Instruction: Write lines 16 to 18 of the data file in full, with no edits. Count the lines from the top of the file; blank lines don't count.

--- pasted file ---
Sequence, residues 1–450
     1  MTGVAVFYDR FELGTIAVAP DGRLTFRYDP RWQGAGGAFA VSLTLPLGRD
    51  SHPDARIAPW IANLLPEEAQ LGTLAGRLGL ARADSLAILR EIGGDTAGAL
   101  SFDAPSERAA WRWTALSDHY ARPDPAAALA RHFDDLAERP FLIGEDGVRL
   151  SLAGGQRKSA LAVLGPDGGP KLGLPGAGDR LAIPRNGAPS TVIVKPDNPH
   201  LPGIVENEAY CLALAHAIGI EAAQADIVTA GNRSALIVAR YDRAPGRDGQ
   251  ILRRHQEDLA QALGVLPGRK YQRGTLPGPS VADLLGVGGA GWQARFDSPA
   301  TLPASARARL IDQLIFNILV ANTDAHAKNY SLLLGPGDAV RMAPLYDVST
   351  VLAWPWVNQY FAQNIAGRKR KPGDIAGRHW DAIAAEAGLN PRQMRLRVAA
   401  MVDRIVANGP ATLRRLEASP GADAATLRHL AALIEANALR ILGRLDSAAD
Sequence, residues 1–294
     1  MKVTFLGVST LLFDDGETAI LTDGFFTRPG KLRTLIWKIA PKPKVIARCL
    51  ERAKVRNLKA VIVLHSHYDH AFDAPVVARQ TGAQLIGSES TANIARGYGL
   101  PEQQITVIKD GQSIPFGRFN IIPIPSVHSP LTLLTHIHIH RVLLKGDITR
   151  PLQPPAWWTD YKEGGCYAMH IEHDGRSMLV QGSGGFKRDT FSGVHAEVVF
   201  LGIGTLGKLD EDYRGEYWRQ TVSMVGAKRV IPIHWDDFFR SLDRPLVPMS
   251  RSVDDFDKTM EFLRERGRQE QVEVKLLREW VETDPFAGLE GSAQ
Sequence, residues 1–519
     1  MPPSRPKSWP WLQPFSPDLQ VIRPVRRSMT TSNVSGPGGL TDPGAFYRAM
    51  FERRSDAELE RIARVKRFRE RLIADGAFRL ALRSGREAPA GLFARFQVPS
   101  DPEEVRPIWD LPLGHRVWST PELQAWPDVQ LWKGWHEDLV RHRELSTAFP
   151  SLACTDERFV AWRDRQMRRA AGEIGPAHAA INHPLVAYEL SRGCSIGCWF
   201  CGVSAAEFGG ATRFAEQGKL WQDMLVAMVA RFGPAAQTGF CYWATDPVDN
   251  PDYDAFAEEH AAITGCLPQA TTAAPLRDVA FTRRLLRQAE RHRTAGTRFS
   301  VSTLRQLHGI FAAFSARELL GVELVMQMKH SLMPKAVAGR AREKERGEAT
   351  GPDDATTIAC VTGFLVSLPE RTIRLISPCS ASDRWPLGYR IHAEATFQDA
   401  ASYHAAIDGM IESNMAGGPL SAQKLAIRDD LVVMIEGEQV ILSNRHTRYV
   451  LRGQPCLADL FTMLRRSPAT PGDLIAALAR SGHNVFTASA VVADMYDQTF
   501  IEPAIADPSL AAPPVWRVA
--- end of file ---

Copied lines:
   201  LGIGTLGKLD EDYRGEYWRQ TVSMVGAKRV IPIHWDDFFR SLDRPLVPMS
   251  RSVDDFDKTM EFLRERGRQE QVEVKLLREW VETDPFAGLE GSAQ
Sequence, residues 1–519